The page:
John Lewis has donated to charities chosen by musicians who accused the retail giant of copying their version of a song used in the department store’s Christmas advert.
The Portraits, a husband and wife alt-folk duo, said the version of Together In Electric Dreams in this year’s festive John Lewis advert resembles the arrangement they released last year for charity.
John Lewis previously said, and still maintains, there is “no substance” to the claims, pointing out that it is a famous song which has been covered many times.
The retailer said it supports “numerous” charities and has generated £8 million in the last year alone.
John Lewis said it was glad to donate to The Portraits’ chosen charities, adding that it “would never copy another cover version”.
The store said a report from a leading musicologist was “unable to identify any meaningful evidence of copying from The Portraits’ arrangement”.
Together In Electric Dreams was originally released by Philip Oakey and Giorgio Moroder in 1984 as an up-tempo track.
Last year The Portraits – Lorraine and Jeremy Millington – created a slowed-down piano version with vocals from their daughter Ciara, and an accompanying video to honour those who lost loved ones throughout the pandemic.
The group said money raised from the single went to charities Mind and Cruse Bereavement Support.
The version of Together In Electric Dreams featured on the John Lewis advert is performed by 20-year-old London singer and songwriter Lola Young.
A spokesman for John Lewis said: “We share common interests with The Portraits in the love of the song and our commitment to charities.
“We’re glad to donate to The Portraits’ chosen charities and proud that our Give A Little Love campaign has generated £8m for good causes in the last year, including donations to Mind and Cruse.
“Our version of Electric Dreams is an original cover that was properly authorised by our advertising agency, who secured copyright licences from the original publishers of the track on our behalf.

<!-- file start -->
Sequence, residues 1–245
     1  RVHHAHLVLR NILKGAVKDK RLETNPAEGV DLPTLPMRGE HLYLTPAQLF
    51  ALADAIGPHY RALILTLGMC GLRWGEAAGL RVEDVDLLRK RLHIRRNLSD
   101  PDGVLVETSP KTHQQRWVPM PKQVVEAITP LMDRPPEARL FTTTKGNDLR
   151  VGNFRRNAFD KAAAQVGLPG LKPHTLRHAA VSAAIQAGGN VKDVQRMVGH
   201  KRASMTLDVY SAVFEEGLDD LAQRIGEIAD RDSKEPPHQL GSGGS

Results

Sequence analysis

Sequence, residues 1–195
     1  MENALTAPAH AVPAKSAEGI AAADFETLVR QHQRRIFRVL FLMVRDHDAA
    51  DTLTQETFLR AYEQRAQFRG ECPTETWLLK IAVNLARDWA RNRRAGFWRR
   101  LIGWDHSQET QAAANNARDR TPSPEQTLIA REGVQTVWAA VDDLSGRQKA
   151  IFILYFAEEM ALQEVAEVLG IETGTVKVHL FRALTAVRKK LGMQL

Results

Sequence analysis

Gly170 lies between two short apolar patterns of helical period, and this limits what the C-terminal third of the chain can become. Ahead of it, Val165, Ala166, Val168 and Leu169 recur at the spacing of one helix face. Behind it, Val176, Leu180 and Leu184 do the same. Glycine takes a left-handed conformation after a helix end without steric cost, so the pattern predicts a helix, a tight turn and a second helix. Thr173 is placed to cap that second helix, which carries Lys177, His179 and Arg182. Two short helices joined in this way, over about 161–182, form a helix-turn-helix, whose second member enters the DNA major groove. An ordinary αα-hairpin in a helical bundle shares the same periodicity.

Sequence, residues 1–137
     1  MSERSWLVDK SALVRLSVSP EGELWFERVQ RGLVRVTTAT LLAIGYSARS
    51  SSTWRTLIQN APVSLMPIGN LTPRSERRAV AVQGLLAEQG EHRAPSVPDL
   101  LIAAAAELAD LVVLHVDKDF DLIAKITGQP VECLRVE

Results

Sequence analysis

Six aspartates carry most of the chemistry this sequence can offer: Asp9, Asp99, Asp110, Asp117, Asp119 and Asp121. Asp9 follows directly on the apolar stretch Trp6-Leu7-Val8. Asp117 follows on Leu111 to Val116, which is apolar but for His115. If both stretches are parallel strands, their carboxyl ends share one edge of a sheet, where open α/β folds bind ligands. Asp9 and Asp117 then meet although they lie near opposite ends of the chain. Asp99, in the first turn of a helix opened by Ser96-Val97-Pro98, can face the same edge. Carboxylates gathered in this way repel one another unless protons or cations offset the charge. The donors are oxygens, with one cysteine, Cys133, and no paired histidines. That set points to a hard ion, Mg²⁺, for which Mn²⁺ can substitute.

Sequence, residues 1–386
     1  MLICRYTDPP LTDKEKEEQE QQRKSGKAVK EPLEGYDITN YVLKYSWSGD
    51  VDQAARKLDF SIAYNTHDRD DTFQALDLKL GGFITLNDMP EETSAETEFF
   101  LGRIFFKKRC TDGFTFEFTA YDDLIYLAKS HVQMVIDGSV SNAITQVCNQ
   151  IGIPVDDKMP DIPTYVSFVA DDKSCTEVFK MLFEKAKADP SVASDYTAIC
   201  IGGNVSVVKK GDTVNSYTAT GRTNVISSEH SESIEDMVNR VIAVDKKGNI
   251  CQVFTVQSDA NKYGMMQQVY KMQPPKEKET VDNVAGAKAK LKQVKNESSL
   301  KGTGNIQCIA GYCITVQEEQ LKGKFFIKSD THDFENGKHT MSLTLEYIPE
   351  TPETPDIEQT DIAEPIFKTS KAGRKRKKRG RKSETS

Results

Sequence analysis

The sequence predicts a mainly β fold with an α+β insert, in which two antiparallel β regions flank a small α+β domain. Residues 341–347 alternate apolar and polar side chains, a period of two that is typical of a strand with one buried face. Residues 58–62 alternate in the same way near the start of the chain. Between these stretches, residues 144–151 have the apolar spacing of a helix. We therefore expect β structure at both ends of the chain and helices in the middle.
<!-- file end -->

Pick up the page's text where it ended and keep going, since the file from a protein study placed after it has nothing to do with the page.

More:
“We’re well known for stripped-back, slower covers in our Christmas campaigns and this version is consistent with our style. A brand like ours would never copy another cover version.”
Earlier this month Ms Millington, who is originally from Loughrea in County Galway, Ireland, told the PA news agency she would like John Lewis to “do the honourable thing” and donate to both Mind and Cruse Bereavement Care “in the spirit of Christmas”.
On Monday she told PA: “We are not sure what the amount of the donation will be, as they asked us to trust them on this and did not want to disclose the sum in question.
“We have been in close contact with Cruse Bereavement Support who are very much in need of the funding at the moment, and of course we are happy that they will benefit from this outcome, especially if the amount is substantial as John Lewis have assured us it will be.
“Meanwhile, we are very excited to be able to re-release a version of Together In Electric Dreams alongside a new cover version of Ed Sheeran’s song Photograph with all proceeds going to the charity Cruse Bereavement Support, and to yet again mark all those lost lives in the last two years and the people supporting them.”
John Lewis said Together In Electric Dreams was not considered as an option for the ad until October, and even then it was one of a number of options on the table.
They pointed out that there are many covers of the original version of the song in the public domain, and that they pay royalties to use it.